hrm, I didn't notice a tab at all. I'll have to take it apart and look again. I used my all-purpose glock tool and the back end of the screwdriver to smack the plate off from the other side. Reassemble was just dropping the plate on and pushing firmly on all sides. Now you've got me concerned.
 

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I wouldn't take it apart to look for the tab on the front nose of the side plate. It you have it back together and it's all flush.....you have in in right. You can't put it in unless you have the tab hooked under the frame near the FP area. If it screwed back together.....it has to be right. The tab may-or-may-not be that obvious.

The proper way to remove the side plate (just like you did) is to remove the grips and the side plate screws and "wrap" the frame across the grip area on the left side with something plastic, wood or hard rubber...like a screwdriver handle. This will usually loosen the plate enough to be lifted off....if it doesn't fall off in you hand. Just hold the gun in your weak hand and give it a couple of good solid wraps.
 

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I wouldn't take it apart to look for the tab on the front nose of the side plate. It you have it back together and it's all flush.....you have in in right. You can't put it in unless you have the tab hooked under the frame near the FP area. If it screwed back together.....it has to be right. The tab may-or-may-not be that obvious.

The proper way to remove the side plate (just like you did) is to remove the grips and the side plate screws and "rap" the frame across the grip area on the left side with something plastic, wood or hard rubber...like a screwdriver handle. This will usually loosen the plate enough to be lifted off....if it doesn't fall off in you hand. Just hold the gun in your weak hand and give it a couple of good solid raps.
Thanks! Your description of the process was much better than mine. What I called a "Tab" is more like a beveled edge with the bevel sloping toward the under side of the plate. That's why it isn't all that obvious and if it fits flush when you're done, "ya done it right".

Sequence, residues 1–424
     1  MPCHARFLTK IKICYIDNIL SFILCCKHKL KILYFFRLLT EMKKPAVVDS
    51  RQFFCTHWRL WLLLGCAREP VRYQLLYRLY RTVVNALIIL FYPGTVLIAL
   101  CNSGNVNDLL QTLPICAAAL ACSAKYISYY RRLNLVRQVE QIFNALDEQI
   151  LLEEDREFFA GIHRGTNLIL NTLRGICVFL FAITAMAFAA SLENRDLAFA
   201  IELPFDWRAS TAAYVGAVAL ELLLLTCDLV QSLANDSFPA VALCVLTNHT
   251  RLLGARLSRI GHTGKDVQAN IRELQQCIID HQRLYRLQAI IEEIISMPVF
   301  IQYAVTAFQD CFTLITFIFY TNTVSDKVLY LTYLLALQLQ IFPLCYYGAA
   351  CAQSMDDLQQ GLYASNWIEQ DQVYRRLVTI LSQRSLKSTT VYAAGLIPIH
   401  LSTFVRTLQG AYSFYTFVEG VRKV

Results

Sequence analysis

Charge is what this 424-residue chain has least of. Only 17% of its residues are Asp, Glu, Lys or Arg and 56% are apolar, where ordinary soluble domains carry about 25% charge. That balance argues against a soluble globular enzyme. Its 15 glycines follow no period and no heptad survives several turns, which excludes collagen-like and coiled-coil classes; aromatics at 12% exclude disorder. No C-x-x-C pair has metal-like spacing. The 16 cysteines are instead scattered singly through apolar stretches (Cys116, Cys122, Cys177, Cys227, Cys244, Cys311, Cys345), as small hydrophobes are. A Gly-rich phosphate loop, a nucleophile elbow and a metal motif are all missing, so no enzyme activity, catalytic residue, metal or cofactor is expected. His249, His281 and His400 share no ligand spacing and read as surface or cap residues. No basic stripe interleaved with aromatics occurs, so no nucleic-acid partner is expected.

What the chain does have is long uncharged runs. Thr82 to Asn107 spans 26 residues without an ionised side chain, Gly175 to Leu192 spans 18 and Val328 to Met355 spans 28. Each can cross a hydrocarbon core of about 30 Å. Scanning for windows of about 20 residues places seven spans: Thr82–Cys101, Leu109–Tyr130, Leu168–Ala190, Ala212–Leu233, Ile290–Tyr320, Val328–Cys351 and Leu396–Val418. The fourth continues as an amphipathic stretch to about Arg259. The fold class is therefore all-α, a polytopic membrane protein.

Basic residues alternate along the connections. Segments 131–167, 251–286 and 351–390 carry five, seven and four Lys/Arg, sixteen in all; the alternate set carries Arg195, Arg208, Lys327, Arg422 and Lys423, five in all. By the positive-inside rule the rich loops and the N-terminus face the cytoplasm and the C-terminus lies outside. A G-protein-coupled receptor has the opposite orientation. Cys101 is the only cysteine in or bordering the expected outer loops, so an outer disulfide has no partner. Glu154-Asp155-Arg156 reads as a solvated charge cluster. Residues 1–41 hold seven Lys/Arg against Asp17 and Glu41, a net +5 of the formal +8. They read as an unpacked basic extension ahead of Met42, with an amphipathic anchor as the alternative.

Jim
 

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I would also mention when buttoning things up to be aware of the firing pin retaining pin that sticks out right below the side plate tab and the firing pin assembly. It sticks out vertically and the tip can be sheared off when feeling for the tab. It can also fall out, which happened to me. I did not notice it because i is about the size and color of a 3 millimeter piece of pencil lead. I put about 200 rounds 38sp at the range, however when I took it home and was test firing some new primers (no gunpowder or bullets ofcourse) the hammer locked back. I opned it up and the hammer spring had fubared becuase there was no retaining pin! Ooooops. I guess the point being don't rush, and attention to detail.
 

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Since this thread has the attn of some folks who might be familiar with the internals of the Taurus revolver and is about spring mods, Quick question. I have the lighter hammer and trigger springs in my 617. The action is no less than a sweet S&W trigger. No light strikes. However, when rapid firing if I short stroke, what used to happen is a clear lock up forcing me to release the trigger. Now what happens is no cylinder rotation no hammer strike however the trigger action pulls through. Upon full release of the trigger it goes back into battery. This does not cause any misfires and really instead of the trigger locking upon short stroke it pulls through like your tranny slipping. However if I rapid fire and full stroke it it does fine. I realize DA is DA in a revolver . I am however tempted to swap in the stock hammer spring since I am not sure this is good for the internals like the hand or the sear. Any wisdom will be appreciated;)
 

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:rolleyes: oh brother...

Yeah, well my wife couldn't work the 15+ lb trigger pull and considering that this was purchased for her to learn to shoot with, that was a problem.
1+...I just received my Shooter's Pack from Wolff in the mail today. I will get it installed and see if my wife likes the lighter trigger pull since I too bought the M85 for her. At this point, she prefers my PT140 and I will not stand for that!!